CLIFTON, Maine — Tina Hinkley has emphasized the importance of getting good grades with her daughter Ashley Hinkley, 18, since she was in kindergarten.
“I’m big on grades,” Tina Hinkley said, seated on the couch at their home Saturday. “I figure she’s not going to go anywhere if she doesn’t put in the time.”
Though Hinkley, who works at FairPoint Communications, did not attend college herself, she said she always felt her daughter would need to in order to be successful.
“When I graduated, you got into the workforce and you earned money,” she said. “That’s not the case now.”
Ashley graduated in June and is Brewer High School’s Mitchell Scholar this year. Every year, the scholarship is awarded by the Mitchell Institute, a nonprofit organization that was founded by former U.S. Sen. George Mitchell, to one graduate from each of Maine’s 140 high schools. Recipients must have a financial need, perform well academically and contribute to their community in some way.
Nearly half of the Mitchell Scholars this year are first-generation college students.
“Those are the kids that need financial support and cultural support,” Meg Baxter, president of the Mitchell Institute, said.
Parents who went to college may be more familiar with the onslaught of paperwork and deadlines that come with the college application process, the availability of scholarships and the feeling of leaving home for the first time to become part of a large institution.
Ashley Hinkley said her mom was diligent about keeping her on track during the application process, even though Tina Hinkley did not go through the process herself.
“We didn’t know exactly where to start, but Mom has been helping me,” she said. “She had a rough idea of everything.”
Tina Hinkley said she tried to “drive home to her the fact that everything has a deadline,” an effort that “might have driven her a little crazy,” she said.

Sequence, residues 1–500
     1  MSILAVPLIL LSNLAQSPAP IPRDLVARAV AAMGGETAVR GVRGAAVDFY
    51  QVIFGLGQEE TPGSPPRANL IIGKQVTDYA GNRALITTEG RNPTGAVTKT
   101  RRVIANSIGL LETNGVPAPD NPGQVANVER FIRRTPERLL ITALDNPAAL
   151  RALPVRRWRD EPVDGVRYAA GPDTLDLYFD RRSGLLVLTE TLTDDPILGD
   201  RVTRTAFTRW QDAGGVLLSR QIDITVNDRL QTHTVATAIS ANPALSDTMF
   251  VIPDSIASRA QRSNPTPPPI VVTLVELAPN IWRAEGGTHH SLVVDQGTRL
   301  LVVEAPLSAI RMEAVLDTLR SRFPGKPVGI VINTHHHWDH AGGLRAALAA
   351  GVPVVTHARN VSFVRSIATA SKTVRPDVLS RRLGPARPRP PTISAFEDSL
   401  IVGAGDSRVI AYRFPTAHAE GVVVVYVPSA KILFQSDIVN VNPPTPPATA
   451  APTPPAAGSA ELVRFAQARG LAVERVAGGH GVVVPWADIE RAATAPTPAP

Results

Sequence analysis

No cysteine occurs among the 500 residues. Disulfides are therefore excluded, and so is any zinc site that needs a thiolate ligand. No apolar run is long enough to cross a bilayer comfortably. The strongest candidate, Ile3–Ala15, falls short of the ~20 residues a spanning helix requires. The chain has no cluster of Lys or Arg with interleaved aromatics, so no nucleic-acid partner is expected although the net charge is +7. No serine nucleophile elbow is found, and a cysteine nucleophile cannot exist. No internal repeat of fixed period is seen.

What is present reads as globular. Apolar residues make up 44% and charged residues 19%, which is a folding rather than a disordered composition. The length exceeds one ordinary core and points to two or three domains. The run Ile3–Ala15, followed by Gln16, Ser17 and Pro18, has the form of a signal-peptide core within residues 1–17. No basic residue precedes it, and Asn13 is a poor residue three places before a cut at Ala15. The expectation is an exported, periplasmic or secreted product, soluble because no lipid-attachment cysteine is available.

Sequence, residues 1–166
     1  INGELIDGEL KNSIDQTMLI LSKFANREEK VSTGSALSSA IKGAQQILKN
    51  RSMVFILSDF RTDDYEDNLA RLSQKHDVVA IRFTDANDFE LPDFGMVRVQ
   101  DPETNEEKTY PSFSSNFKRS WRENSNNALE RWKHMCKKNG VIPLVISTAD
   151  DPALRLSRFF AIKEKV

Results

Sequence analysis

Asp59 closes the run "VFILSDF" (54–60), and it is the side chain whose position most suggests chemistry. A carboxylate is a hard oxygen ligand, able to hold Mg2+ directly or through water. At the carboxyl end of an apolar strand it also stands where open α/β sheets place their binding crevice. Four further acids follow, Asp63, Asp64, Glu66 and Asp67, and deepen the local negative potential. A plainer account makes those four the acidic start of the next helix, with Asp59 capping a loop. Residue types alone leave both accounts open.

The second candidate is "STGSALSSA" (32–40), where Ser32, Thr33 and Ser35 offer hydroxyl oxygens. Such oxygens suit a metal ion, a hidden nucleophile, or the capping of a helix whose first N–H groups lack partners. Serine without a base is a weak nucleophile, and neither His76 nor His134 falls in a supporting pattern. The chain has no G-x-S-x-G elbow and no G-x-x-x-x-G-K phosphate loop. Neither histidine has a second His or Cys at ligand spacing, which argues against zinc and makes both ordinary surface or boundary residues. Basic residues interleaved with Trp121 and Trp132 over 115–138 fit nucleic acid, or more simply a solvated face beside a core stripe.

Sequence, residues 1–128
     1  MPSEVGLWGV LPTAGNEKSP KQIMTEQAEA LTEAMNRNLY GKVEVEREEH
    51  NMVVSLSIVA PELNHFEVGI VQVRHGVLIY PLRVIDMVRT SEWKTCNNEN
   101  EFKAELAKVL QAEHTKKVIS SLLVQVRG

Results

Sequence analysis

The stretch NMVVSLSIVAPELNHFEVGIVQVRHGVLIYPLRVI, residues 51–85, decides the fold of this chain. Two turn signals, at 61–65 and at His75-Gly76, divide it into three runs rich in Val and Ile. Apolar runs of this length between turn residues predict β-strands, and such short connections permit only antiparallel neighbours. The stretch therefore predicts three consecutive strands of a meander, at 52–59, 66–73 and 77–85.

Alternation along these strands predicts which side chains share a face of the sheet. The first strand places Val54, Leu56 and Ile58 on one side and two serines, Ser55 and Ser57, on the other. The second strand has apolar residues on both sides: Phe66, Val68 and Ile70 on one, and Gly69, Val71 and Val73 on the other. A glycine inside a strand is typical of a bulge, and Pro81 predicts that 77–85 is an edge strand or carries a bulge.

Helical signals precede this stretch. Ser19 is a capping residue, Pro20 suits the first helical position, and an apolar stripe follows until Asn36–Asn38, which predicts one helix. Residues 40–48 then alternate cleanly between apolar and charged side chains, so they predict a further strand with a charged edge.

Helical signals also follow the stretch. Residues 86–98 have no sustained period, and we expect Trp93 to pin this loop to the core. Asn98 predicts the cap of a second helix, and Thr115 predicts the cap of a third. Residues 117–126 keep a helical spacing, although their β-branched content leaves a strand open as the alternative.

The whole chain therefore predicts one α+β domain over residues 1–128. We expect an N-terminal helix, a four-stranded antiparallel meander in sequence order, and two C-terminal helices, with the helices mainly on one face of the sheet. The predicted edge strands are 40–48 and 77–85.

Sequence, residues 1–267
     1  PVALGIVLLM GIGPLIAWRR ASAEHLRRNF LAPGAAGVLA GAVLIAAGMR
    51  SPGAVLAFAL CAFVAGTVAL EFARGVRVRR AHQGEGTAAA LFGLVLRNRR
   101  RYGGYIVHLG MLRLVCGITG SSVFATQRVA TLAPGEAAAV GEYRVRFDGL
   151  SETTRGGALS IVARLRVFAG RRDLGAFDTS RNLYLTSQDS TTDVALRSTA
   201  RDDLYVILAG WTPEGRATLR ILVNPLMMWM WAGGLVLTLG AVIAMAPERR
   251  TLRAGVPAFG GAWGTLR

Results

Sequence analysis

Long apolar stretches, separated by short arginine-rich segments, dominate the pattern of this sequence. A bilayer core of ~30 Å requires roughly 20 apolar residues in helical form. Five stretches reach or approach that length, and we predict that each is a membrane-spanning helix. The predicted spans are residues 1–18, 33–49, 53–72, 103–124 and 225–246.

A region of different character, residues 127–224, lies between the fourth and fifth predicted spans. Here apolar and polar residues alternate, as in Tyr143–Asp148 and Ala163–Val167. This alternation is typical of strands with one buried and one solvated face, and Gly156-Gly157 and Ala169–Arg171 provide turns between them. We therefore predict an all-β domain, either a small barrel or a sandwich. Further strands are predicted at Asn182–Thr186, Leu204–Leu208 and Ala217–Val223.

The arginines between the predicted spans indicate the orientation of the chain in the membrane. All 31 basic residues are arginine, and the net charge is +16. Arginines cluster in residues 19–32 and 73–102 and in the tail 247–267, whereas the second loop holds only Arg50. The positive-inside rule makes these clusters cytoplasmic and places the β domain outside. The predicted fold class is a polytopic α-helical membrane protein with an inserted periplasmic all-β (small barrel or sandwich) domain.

When considering annual income levels, Tina Hinkley is correct about the importance of a college degree. In 2012, Maine residents with bachelor’s degrees had a median income of about $40,000, while those with only a high school diploma earned closer to $26,000, according to the U.S. Census Bureau.
In 1999, however, the income gap between high school and college graduates was about $5,000 narrower, according to a report from the Maine Compact for Higher Education, an initiative to improve education attainment in Maine. Though high school graduates in Maine are earning about the same income they were 15 years ago, the median income for college graduates has gone up.
Once students win the Mitchell Scholarship, they become part of a network of scholarship recipients who can participate in programs designed to help them to a degree, Baxter said. At events, the scholars are introduced to professionals in the fields in which they plan to work, given help with resume writing and interview techniques and offered opportunities to apply for further scholarships that support their professional endeavors.
About 85 percent of Mitchell Scholars earn a degree within six years, according to Baxter, compared with 50 percent nationally.
The Mitchell Institute’s scholarship program is growing. This year’s recipients will receive $7,000 toward their postsecondary education to be distributed over the course of four years. This year’s recipients are receiving $1,000 more than the amount last year’s recipients are receiving. Baxter said the institute’s goal is to be offering $10,000 to scholars who graduate from high school three years from now.
By then, Ashley Hinkley likely will be closing in on her degree. She will attend the University of Maine at Farmington, where she plans to study elementary education and possibly minor in special education.
She is one of 111 Mitchell scholarship recipients who have chosen to attend colleges in Maine this year, with 41 going to the University of Maine in Orono. Many others will attend schools throughout New England, including Harvard University, Yale University and the Massachusetts Institute of Technology, with one student going as far as Evergreen State College in Washington state.
Hinkley said it was her teachers and her experience working with special education students in the resource room at Brewer High School that inspired her to choose that career path.
Follow Nell Gluckman on Twitter @nellgluckman.